If every run, row and rep is feeling a little tougher than it used to, it can be tempting to pin the blame on the passage of time. Hollywood’s veteran action heroes, after all, are surely the exception, not the rule. But how much of an impact does age have on our PBs?
‘From their mid-twenties people typically lose about 10% of their VO² max [a marker of aerobic fitness] per decade,’ says exercise physiologist Tom Cowan. ‘After 50, this decline usually accelerates.’ Age-related muscle mass, or sarcopenia, also kicks in from around age 30, occurring at a rate of about 3% to 5% per decade.
That might sound a bit gloomy. But think about it: that’s just 1% of your fitness lost each year. To frame it another way, the average person in their forties can run 5K just two minutes slower than someone in their twenties. Are the changes you’re noticing more dramatic than that? Then there are likely to be other culprits.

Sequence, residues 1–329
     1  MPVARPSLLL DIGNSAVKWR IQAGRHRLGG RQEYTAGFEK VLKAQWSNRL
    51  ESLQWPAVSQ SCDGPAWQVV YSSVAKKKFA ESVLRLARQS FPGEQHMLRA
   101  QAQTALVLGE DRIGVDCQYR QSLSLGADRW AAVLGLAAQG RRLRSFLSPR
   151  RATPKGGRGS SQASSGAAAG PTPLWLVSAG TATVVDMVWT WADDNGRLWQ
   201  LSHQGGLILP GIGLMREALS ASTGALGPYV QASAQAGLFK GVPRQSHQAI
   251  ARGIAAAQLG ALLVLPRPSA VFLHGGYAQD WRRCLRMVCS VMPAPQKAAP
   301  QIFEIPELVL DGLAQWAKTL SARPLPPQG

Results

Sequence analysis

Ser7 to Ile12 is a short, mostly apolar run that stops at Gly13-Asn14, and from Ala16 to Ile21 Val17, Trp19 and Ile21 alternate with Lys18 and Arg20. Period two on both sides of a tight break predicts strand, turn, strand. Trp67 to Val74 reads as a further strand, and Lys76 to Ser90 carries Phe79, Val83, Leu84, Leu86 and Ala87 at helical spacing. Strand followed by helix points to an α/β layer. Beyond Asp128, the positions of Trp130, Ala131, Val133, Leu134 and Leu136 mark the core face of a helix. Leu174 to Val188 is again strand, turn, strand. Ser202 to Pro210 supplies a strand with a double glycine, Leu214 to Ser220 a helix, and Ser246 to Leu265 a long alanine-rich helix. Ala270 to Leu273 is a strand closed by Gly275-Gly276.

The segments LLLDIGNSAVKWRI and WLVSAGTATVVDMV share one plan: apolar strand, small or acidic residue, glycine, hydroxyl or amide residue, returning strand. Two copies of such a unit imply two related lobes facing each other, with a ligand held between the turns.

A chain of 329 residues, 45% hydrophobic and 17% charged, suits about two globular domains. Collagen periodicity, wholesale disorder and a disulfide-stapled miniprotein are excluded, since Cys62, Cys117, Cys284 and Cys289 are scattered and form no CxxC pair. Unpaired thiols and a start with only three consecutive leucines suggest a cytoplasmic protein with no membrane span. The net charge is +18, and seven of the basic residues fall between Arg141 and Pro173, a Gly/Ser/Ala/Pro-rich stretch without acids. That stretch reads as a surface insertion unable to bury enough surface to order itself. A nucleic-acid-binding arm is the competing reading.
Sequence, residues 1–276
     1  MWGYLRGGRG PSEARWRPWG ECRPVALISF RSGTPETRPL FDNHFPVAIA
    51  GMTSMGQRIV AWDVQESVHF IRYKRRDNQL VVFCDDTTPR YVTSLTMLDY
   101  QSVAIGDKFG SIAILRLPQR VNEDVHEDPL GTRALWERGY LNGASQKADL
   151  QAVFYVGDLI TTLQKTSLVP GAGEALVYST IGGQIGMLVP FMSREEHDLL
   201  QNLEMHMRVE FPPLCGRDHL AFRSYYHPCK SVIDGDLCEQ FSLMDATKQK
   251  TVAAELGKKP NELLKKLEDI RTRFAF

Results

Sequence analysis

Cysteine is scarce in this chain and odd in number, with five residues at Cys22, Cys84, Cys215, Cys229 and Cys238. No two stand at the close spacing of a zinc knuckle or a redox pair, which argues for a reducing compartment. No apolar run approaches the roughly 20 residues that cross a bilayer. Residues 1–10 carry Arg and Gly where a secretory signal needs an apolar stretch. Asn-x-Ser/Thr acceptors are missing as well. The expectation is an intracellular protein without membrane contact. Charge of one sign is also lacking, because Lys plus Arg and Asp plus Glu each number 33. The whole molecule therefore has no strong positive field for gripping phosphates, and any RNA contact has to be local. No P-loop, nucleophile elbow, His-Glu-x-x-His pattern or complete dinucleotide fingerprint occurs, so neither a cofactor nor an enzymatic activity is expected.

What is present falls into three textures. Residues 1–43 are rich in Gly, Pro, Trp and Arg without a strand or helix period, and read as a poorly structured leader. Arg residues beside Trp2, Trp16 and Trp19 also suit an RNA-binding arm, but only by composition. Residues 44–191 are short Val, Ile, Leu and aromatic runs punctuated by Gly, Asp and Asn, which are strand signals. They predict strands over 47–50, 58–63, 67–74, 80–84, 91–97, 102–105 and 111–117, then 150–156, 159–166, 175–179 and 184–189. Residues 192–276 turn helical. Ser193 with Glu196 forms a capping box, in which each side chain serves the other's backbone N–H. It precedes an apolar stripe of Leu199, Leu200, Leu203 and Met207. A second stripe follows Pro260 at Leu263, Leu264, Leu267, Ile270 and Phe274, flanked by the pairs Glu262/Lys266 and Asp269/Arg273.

It’s difficult to untangle cause and effect. One study of middle-aged men by the University of Sydney, Australia, concluded that declining testosterone was more likely to be a consequence of deteriorating health – expanding waistlines, reduced activity – than a cause. Our creaking joints and lingering fatigue can as much be a symptom of too much time behind a desk as they are a hindrance when we finally make it to the gym.
So, ask yourself: what else has changed? Are you sleeping less? Eating less protein? Are you still making it to the gym three nights a week, but finding yourself too distracted by work and family commitments to fully engage?
If lack of time is a problem, swap trundling on the treadmill for short blasts of high-intensity work on the bike, rower or SkiErg. When weight training, switch your focus to compound exercises, such as squats, bench presses, pull-ups and deadlifts, aiming to include two moves per major muscle group each week. And don’t skip your mobility work, either – ageing is associated with a loss of flexibility, too. You’ll be back on form by your next birthday.